UPPER MARLBORO, Md. (AP) — A gunman sentenced to 195 years in prison for an attack on a police station apologized Thursday to the parents of an undercover narcotics detective who was mistakenly shot and killed by a fellow officer during the ambush.

Before a judge sentenced him, Michael Ford said he didn't intend to harm anybody but himself when he opened fire on a Prince George's County police station in March 2016. In November, a jury convicted Ford, 25, of second-degree murder in the killing of Detective Jacai Colson even though he didn't fire the shot that killed the four-year veteran of the county's police department.

"That man does not deserve to be dead. I should be dead," Ford told Colson's parents.

Before hearing Ford's apology, James and Sheila Colson criticized authorities for not seeking criminal charges against the officer who killed their son. Jacai Colson exchanged gunfire with Ford before Officer Taylor Krauss fatally shot the plainclothes detective with a rifle, mistaking him for a threat.

Sheila Colson described Krauss as careless and reckless and said she believes her son was killed because he was black. Ford also is black. Krauss is white.

"Not once did I get an, 'I'm sorry,' from Taylor Krauss. Not once," she said.

She and her husband also accused police officials of lying to them about the circumstances of their son's death, misleading them to believe he was caught in a crossfire.

"To this day, no one can give me an explanation for why my son was shot," she said, fighting back tears.

Ford's two younger brothers, Malik and Elijah Ford, drove him to the police station and recorded video of the shooting with their cellphones. Though not accused of firing any shots, they pleaded guilty to related charges and were sentenced Thursday to 20 and 12 years in prison, respectively.

Circuit Court Judge Lawrence Hill Jr. told Malik and Elijah that they "sold their brother down the river out of greed" for the car he promised to leave them. The judge told Michael Ford that he has no doubt he tried to kill officers and civilians even if he intended to die himself.

"You are responsible for the death of Jacai Colson," he said.

Ford testified he was trying to get himself killed by police when he fired his handgun nearly two dozen times outside the station. He said he didn't intend for anyone else to be harmed.

County prosecutor Joseph Ruddy argued Ford's actions created a "combat zone" and caused Colson's death even though he didn't fire the fatal shot. Ford didn't hit anybody when he fired 23 shots from a handgun, but bullets he fired struck two passing vehicles and an ambulance, according to Ruddy.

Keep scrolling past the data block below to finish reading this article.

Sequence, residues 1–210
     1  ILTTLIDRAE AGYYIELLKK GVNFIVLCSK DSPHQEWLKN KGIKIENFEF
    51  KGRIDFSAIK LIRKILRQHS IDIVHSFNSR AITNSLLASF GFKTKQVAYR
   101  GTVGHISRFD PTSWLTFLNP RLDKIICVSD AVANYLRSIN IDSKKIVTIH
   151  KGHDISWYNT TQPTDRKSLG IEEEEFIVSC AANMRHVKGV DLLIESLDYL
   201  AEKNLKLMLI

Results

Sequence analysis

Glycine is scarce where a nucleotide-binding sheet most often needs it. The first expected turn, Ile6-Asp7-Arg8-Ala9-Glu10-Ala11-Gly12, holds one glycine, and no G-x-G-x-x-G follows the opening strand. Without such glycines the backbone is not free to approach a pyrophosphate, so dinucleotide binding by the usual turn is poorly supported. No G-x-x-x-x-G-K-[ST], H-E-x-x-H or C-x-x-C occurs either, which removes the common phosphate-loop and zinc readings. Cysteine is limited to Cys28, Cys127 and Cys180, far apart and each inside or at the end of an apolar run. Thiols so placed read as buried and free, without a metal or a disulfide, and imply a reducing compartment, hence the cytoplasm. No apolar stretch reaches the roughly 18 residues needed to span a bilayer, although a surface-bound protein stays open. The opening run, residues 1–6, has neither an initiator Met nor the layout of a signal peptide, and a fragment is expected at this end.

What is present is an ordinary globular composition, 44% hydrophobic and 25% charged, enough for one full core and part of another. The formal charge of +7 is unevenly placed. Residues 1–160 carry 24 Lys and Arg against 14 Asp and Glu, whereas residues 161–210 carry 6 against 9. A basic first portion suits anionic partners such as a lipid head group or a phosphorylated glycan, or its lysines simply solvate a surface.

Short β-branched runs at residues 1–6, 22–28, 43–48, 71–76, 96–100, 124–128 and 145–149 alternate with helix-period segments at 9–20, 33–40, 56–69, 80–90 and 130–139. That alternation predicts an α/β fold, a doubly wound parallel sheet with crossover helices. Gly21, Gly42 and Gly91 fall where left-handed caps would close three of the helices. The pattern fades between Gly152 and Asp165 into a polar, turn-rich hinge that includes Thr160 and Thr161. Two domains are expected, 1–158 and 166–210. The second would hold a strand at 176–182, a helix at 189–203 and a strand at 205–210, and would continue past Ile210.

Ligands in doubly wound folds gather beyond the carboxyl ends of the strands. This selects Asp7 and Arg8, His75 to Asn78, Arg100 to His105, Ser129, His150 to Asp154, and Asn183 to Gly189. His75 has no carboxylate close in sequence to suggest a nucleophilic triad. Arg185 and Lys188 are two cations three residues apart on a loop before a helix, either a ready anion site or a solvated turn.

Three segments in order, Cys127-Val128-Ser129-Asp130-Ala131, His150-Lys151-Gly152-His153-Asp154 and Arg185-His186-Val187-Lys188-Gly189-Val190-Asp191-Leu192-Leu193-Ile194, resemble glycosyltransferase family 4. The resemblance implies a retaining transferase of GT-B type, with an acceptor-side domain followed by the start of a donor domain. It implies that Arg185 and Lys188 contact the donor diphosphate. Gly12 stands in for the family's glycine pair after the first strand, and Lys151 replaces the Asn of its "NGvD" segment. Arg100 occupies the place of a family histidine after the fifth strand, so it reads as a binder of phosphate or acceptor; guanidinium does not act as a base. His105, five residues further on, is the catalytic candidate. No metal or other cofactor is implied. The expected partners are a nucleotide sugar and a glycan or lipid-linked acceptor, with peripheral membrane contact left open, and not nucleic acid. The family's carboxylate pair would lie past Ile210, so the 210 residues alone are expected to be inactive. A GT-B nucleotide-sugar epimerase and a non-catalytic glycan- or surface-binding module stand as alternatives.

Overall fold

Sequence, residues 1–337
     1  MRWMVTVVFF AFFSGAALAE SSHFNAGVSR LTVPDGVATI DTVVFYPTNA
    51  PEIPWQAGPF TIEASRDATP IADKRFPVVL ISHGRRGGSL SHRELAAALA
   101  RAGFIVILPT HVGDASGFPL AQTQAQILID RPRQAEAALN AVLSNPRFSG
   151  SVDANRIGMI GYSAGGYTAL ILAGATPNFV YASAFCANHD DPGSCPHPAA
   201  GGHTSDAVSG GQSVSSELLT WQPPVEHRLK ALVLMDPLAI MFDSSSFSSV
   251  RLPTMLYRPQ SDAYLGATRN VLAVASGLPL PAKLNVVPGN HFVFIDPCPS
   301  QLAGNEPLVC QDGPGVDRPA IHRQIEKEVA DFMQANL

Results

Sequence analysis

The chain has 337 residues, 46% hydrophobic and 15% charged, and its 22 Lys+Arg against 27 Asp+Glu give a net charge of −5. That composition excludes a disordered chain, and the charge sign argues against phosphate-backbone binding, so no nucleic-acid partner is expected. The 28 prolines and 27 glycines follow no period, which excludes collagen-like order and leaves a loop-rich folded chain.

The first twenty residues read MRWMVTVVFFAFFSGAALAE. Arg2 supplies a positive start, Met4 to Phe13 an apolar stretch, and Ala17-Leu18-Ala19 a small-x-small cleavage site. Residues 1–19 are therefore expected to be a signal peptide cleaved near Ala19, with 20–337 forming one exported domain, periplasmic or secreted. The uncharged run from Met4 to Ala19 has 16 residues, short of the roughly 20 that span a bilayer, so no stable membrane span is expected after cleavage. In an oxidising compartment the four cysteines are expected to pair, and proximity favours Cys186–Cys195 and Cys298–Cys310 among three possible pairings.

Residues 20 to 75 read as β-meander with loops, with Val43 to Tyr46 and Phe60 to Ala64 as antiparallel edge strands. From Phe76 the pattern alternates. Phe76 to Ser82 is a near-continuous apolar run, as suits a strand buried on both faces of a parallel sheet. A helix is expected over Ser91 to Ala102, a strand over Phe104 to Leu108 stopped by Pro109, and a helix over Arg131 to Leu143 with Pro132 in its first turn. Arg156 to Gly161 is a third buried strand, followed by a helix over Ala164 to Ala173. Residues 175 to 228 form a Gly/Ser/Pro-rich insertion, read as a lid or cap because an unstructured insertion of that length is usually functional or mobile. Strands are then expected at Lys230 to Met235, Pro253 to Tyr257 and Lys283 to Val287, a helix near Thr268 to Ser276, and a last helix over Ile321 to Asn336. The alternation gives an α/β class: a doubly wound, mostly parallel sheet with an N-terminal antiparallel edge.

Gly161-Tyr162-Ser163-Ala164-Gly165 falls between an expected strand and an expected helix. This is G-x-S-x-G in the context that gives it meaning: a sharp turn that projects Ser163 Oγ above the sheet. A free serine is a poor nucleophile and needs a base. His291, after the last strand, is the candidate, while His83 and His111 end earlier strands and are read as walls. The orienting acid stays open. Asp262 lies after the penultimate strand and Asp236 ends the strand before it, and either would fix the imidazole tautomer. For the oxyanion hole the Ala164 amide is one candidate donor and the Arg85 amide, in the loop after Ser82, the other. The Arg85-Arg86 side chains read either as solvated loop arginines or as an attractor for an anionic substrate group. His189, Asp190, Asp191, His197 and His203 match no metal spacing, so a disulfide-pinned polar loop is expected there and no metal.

"That was no suicide mission. That was a mission to kill cops," the prosecutor said during the trial's closing arguments.

Krauss testified that he never saw Colson hold up a badge or heard him identify himself as a police officer before shooting him once in the chest.

A grand jury declined to indict Krauss on any charges related to Colson's shooting. Colson's parents sued Krauss and Prince George's County.

County Executive Angela Alsobrooks, who was serving as the county's top prosecutor when Michael Ford was charged and tried, said she "spent many hours walking the Colsons through every piece of evidence, walking the crime scene with them, and we answered every question they had."

"Ultimately a grand jury of 23 Prince Georgians reviewed that evidence and declined to indict Officer Krauss," Alsobrooks said in a statement. "I can never begin to understand what they feel as grieving parents, and my thoughts and prayers continue to be with the Colson family."

Ford's brothers recorded cellphone videos of the ambush after dropping him off at the station in Landover, a suburb of Washington, D.C. They agreed to film the shooting so the video could be sent to a website known for posting users' violent videos, a police detective testified in 2016.

One of the videos shows Ford screaming obscenities and shouting, "Do something!" in between shots. Ford, then 22, also dictated his last will and testament on video minutes before his brothers dropped him off at the station.

Ford said he was hearing voices in his head on the day of the shooting. He said he retrieved a gun from a safe in his car and held it to his head.

"I couldn't pull the trigger," he testified at trial.

Hill ruled before the trial that Ford couldn't present an insanity defense despite his serious mental health issues.

Ford is black, and so was Colson; Krauss is white. Colson and Krauss had worked in the narcotics unit together and sat at connecting desks.

Antoini Jones, Ford's attorney, told jurors that Colson didn't match the gunman's description apart from his race. At the start of the trial, Jones said the evidence would show the detective was shot "because he was black."

Colson was a 28-year-old native of Boothwyn, Pennsylvania.